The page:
The fact that any particular defendant claimed to have personally doubted the existence of global warming, or that human conduct was contributing to it, was no defense to the charges. In light of the scientific consensus that existed on these issues, the Tribunal concluded that the willingness of a defendant to gamble the very future of the human race on the arrogant assumption that the experts were wrong should by itself be deemed criminal conduct.
172 defendants had been brought to trial so far, with 149 convictions returned; all but seven of those convicted received prison sentences.
But the big fish, the one person who if he escaped judgment would make a mockery of the whole process, still eluded the Tribunal. And year after year, as the trials crawled along, with one after another lesser offender facing justice, his absence became more and more distressing to Zach.
Then finally, on a balmy February day in Anchorage, word came: The U.S. government would extradite Bush, but there was a catch. He would be extradited for trial only; the Tribunal could not imprison him without a subsequent act of Congress authorizing it. In no position to bargain, the Chief Magistrate agreed.
* * *
One has to think that even the most polished of trial lawyers would have had at least a mild case of stage fright when confronted with this scene; and Zach, of course, was anything but polished in a courtroom. His nervousness was painfully apparent as he started the cross-examination.
Q. “Sir, would you agree, um (clears throat) . . . excuse me, would you agree that as president, your first duty was to protect the citizens of the United States from harm?”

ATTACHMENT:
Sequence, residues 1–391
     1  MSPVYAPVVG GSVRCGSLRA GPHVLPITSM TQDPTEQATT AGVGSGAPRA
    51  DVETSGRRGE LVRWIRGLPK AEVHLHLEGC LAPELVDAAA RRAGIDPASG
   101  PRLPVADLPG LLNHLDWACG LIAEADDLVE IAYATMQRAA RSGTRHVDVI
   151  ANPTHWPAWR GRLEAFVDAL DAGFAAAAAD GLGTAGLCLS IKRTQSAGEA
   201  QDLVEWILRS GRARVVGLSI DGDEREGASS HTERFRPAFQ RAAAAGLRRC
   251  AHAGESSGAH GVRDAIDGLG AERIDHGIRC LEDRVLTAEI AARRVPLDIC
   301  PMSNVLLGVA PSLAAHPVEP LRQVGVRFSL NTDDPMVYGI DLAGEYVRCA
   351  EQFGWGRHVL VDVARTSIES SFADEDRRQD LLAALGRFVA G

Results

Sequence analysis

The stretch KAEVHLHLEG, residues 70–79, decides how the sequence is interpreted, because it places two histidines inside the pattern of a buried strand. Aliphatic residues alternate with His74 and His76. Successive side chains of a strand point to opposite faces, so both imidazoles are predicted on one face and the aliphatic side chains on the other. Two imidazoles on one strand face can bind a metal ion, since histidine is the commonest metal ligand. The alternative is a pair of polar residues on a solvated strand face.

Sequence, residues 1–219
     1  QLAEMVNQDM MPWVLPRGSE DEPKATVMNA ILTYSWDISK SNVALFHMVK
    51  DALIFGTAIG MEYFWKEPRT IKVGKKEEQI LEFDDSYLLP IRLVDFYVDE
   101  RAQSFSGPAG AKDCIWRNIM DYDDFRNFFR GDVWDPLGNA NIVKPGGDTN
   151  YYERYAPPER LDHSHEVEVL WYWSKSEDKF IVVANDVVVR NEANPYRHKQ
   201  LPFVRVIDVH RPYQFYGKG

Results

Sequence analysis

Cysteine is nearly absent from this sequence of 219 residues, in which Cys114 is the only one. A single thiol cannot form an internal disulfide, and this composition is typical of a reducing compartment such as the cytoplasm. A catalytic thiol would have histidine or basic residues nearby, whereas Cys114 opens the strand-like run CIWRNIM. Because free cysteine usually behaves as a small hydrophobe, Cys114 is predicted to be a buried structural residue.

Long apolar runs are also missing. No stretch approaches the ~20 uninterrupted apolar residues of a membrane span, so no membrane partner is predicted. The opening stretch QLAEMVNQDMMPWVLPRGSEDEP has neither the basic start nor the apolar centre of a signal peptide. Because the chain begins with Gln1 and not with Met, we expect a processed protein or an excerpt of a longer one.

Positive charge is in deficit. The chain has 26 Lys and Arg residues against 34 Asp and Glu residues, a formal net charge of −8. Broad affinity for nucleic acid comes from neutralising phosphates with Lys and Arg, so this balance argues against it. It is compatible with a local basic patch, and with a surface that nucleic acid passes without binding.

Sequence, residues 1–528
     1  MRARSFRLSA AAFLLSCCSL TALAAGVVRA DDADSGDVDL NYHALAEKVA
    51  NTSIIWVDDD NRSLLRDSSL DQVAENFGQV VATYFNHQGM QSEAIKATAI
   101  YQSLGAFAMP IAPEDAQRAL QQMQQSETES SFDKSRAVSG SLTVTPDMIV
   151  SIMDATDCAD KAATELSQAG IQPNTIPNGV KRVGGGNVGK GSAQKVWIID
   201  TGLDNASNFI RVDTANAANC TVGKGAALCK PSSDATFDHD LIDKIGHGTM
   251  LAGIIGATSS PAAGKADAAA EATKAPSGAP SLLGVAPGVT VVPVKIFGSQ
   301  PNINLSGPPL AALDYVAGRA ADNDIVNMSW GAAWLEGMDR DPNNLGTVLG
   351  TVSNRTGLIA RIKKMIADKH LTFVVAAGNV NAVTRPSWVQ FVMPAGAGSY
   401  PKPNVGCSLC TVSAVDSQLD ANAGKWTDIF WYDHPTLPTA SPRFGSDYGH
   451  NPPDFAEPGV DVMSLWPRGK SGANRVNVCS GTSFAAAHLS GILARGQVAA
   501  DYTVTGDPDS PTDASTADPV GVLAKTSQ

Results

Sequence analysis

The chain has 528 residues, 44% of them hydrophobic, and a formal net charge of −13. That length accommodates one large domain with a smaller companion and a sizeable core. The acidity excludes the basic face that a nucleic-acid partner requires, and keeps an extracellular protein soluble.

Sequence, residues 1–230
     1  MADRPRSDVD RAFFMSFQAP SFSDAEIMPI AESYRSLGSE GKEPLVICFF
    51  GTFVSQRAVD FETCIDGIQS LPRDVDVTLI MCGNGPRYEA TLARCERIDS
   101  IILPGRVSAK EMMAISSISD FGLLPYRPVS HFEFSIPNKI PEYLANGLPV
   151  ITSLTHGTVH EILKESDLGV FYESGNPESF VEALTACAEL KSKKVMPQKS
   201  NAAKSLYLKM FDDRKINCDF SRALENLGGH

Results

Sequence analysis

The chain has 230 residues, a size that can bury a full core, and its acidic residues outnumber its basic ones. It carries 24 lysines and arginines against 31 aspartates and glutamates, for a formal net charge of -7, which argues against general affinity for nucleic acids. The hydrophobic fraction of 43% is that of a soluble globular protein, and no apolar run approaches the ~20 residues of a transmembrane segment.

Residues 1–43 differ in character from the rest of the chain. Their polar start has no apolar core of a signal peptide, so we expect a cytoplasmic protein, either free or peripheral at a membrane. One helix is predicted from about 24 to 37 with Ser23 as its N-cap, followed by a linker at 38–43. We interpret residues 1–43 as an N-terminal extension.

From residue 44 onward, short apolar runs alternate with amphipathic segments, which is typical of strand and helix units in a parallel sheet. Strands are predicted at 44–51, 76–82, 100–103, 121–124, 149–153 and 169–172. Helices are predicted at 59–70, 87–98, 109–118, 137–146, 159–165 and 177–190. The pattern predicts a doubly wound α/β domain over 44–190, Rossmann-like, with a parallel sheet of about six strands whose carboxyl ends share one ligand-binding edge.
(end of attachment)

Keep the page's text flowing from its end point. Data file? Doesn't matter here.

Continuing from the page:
Bush’s voice was filled with contempt.
A. “Buddy Boy, no one needs to tell me my duty to the American people. I lived that duty for eight long years. It was always part of me, every day when I . . . when I first got up . . .
Q. “Sir, would you also agree . . .
A. “Don’t you interrupt me (Bush flashed with anger). I don’t care, you know, what you think about George W. Bush the person. You can think whatever you want. But I was the President of the United States and that office deserves respect.”
The line about giving respect to the office of the presidency had been lifted straight out of an old movie about Harry Truman, something Truman supposedly said to MacArthur. It was one of the talking points Bush’s lawyers had drilled into him.
Q. “Sir, let me assure you, I wasn’t trying to be disrespectful . . .
A. “Of course you were . . . and you better stop it right now, right this second. (Turning to the Chief Magistrate) Now, do I get to finish my answer?”
CHIEF MAGISTRATE: “The witness may complete his answer.”
There were a number of differences between the Tribunal and an ordinary American court of law: One important one related to objections. Basically none were entertained. Unless things got so far out of control that the Chief Magistrate called for order, both the questioner and the witnesses were free to say pretty much anything they wanted.
A. (Continued) “. . . Like I was saying, the very first thing I did every morning as president . . . I mean after I worked out, was to get a security briefing on any threats to the American people. Protecting the American people was job one at the White House when I was the decider.
Q. “How about people elsewhere in the world, did you feel like you owed them any duty to . . .”
Bush interrupted angrily.
A. “I told you I knew my duty. And I sure don’t need someone like . . . some damn lawyer lecturing me about it.
Q. “I’m not lecturing . . .
A. “Yeah, you are. And everyone here knows it.”
Zach felt like throwing up.
He decided to change direction.
Q. “Sir, back when you were president, you knew didn’t you that the scientific consensus was that human conduct was causing global warming? You may not have agreed with it, but . . .
A. “That isn’t true at all. Lots of scientists disagreed with . . .
Q. “A few quacks and industry hirelings . . .
A. “No, they were good respected people. It’s just that you want to ignore them . . . to pretend they never existed. You want to use hindsight. Hindsight that’s what this is all about. But you see you didn’t have hindsight, or I mean I didn’t back when I was president. I couldn’t ignore those other voices, like you folks try to do now. I had responsibility to Americans . . . to the economy. To protect the economy. I didn’t have all this hindsight.”